Look what I got myself into: Meet the marsh

I won’t speak for any of my fellow city folk, but whenever I heard the word “marsh” growing up, I pictured serenity, calm, stillness, comfort. If you’ve simply never thought about a marsh before, they are wetlands full of tall grasses, muddy soil, and water. They are stunning!

slatmarsh brunswick
Salt marsh, Brunswick GA. Photo: Corina Newsome

However, when I stepped foot in the marsh for the first time, I realized that they are much different from what they appear to be from a distance, or how I imagined them to be in my head. Georgia’s coastal marshes can be merciless environments–so hot in the summers that all the bugs are hiding, so wet that if you think a heavy thought you’ll sink up to you thighs immediately, and no bodies of freshwater anywhere in sight (at least for the marshes I am studying). I was instantly amazed by the fine-tuned adaptations needed for anything to survive in such an environment. *More on the emotional whirlwind of becoming a field biologist after growing up in the hood in my next post.

Salt marshes (marshes with salt water due to their closeness to the ocean) in Georgia are tidal environments. This means that twice a day, the water rises anywhere from a few inches to several feet, (depending on where you are) and then recedes, like this:

Image result for gif of tide in marsh
Tide in the marsh. gif: http://lbifoundation.org/science/marshcam/


Believe it or not, there are several species of birds adapted for nesting, raising young, and finding food in the grasses of these marshes. Remember the seaside sparrows? They live here.

ssp bby
Seaside sparrow chicks. Photo: Dr. Elizabeth Hunter

Now, here’s where my research comes in.

Seaside sparrows have to be very strategic regarding how they nest in such an environment. If they place their nests too low, the tide can suffocate their eggs or drown their chicks. So, why don’t they just nest as high as the grass will hold them? Well, the higher they place their nests, the more likely they are to be found, and their offspring eaten, by predators (like the one below). *Sigh* It’s hard not to be a raccoon sympathizer when they look like that.

A common marsh predator (baby raccoon) waiting for a happy meal. I don’t like them eating sparrows, but just look at ’em. Photo: Elizabeth Hunter

Yes, predation is a natural threat that all songbirds have to confront, and seaside sparrows are no exception. So, what makes their situation worth the research time, money, and effort?

I mentioned that these sparrows have to balance the risk of nest flooding with the risk of nest predation. Well, what happens when our warming climate causes the sea level to rise? The tides get higher! Take a peak back at that gif to remind you of how drastic a tide can be. As you might guess, this makes the fine balance between avoiding nest flooding and avoiding nest predation even more difficult for seaside sparrow parents to navigate.

So, what can we do? Preventing nest flooding from sea level rise is arguably the least efficient approach. But, what if we could do something about the threat of predation? One of the goals of my research is to provide wildlife managers, the people making the decisions about how to save species, with pertinent information about predation threats for these birds. To start, I need to know what kinds of predators exist in these marshes, and which of them are actually eating seaside sparrow young. I’ll be using cool gadgets like camera traps (left) and video cameras (right) to find out (I know I’m hype, let me be hype).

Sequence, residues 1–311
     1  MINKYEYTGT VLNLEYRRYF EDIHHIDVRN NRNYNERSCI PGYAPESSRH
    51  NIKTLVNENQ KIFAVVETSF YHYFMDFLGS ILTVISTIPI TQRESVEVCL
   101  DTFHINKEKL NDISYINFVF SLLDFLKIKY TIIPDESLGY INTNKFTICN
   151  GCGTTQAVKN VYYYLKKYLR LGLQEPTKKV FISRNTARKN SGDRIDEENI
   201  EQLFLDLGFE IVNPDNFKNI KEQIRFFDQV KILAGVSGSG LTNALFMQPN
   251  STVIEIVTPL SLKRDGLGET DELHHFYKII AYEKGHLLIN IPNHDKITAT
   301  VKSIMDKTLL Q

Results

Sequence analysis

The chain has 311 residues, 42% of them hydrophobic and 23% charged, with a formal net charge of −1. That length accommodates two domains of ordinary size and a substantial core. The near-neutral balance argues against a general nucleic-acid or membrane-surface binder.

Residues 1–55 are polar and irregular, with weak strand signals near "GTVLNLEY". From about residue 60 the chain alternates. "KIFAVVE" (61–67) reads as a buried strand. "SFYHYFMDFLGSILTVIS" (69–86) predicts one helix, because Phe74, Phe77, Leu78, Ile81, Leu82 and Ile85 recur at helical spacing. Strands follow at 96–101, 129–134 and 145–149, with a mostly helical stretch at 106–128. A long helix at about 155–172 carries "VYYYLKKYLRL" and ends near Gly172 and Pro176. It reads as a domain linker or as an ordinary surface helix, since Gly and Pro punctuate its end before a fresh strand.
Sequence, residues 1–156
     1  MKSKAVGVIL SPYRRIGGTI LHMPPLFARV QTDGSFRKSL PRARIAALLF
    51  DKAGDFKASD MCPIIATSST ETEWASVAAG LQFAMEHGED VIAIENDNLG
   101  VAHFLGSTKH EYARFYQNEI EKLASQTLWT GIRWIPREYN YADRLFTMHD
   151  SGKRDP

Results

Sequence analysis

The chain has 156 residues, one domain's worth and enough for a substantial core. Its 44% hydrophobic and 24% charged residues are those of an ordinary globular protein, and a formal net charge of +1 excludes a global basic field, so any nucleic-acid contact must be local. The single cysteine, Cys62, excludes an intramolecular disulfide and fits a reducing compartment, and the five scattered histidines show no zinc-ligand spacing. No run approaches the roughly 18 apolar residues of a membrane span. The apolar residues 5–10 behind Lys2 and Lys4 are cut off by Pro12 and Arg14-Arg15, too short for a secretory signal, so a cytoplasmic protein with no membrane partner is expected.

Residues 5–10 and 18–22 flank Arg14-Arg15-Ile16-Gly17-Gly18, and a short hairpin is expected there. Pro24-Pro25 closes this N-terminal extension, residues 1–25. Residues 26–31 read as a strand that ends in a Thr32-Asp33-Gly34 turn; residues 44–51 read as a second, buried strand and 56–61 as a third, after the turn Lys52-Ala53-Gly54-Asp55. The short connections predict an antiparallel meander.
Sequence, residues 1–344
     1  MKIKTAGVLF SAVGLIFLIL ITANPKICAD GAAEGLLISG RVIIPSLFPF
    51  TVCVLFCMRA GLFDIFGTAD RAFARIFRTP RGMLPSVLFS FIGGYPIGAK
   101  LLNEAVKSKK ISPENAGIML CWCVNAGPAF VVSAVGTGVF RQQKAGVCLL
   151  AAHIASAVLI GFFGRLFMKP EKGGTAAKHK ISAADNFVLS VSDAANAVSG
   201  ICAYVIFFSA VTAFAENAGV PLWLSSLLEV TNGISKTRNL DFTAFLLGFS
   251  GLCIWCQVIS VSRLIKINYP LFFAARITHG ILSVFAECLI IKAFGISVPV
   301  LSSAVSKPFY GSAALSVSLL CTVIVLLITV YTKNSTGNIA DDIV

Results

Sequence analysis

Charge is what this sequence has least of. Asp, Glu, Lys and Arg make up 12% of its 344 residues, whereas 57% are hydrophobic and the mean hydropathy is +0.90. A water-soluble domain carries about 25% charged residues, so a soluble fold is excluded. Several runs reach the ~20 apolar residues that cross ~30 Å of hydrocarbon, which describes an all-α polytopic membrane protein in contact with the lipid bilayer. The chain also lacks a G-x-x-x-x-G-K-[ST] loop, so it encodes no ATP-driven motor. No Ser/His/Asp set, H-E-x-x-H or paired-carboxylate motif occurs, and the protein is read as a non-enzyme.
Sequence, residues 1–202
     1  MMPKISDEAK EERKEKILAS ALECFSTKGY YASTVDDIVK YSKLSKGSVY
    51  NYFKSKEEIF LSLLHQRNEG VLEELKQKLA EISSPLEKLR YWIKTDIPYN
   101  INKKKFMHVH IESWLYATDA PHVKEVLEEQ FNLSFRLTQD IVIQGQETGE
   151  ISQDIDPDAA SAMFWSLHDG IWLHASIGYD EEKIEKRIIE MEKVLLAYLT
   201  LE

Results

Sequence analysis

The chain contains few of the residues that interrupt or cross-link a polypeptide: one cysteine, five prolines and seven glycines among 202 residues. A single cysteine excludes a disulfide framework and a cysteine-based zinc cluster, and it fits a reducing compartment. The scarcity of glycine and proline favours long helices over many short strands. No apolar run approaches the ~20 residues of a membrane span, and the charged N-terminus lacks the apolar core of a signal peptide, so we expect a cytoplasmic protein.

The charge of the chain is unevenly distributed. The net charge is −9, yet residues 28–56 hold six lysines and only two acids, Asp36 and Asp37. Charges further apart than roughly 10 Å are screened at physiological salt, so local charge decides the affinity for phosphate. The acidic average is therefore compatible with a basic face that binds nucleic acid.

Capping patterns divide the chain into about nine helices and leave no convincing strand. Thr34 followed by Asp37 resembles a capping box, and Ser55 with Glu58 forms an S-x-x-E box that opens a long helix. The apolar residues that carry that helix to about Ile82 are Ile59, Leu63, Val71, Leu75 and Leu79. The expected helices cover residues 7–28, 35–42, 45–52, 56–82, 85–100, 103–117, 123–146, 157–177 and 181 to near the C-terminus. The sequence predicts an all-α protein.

This is the first step in what will be a multifaceted project.

Note: The control of predation threat in this context is not referring to lethal control.

This research is an exciting pursuit of knowledge, but I’ll be honest…gathering enough information to save a species in peril feels like a daunting task. Shoot, it is a daunting task! But what a wonderful mission, ya know? Participating is the privilege of a lifetime.

Anyway, I’m excited to see what’s lurking out there in the marsh, and share some cool footage with you when I do. Camera trap pictures are always amazing, and sometimes hilarious and unflattering, so I attached some fun ones I found to give you a taste.

Until next time, remember: “It’s all an adventure that comes with a breathtaking view…”

-The Greatest Showman




Image result for funny camera trap photos
Selfie: http://discovermagazine.com/galleries/2016/wildlife-cams
Related image
Say “queso”: https://www.boredpanda.com/funny-trail-cam-photos-secret-animal-life/?utm_source=google&utm_medium=organic&utm_campaign=organic
Image result for funny camera trap photos
More than she can chew: http://boredomtherapy.com/funny-trail-cam-photos/



2 Comments Add yours

  1. I’m so glad I found you. I’ve just quickly read through three of your articles, but I can relate so much to growing up and saying, “That’s not for me,” to anything wildlife-y because I didn’t really think I could do it. I’m 30 now, a week into college (my first time going!) and I’m taking anthropology and field botany, and not only do I love those classes but finding you out there doing work to help animals has inspired me so much. For the first time ever, I got a feeling of, “You know what? I CAN do this!” I grew up poor and dealt with racism (even though I’m white af–stupidity on the racists’ part, what’s new) and I think I was in denial for the last 30 years. I know my brain can handle it–I’ve always believed in my brain, but I didn’t believe in myself… and you gave me that. That ability to believe in myself. Thank you. Thank you so damn much. ❤


    1. Angelique, you just made me cry! Stories are so powerful and they are the reason I’m here. I’m humbled that this gave you any encouragement.


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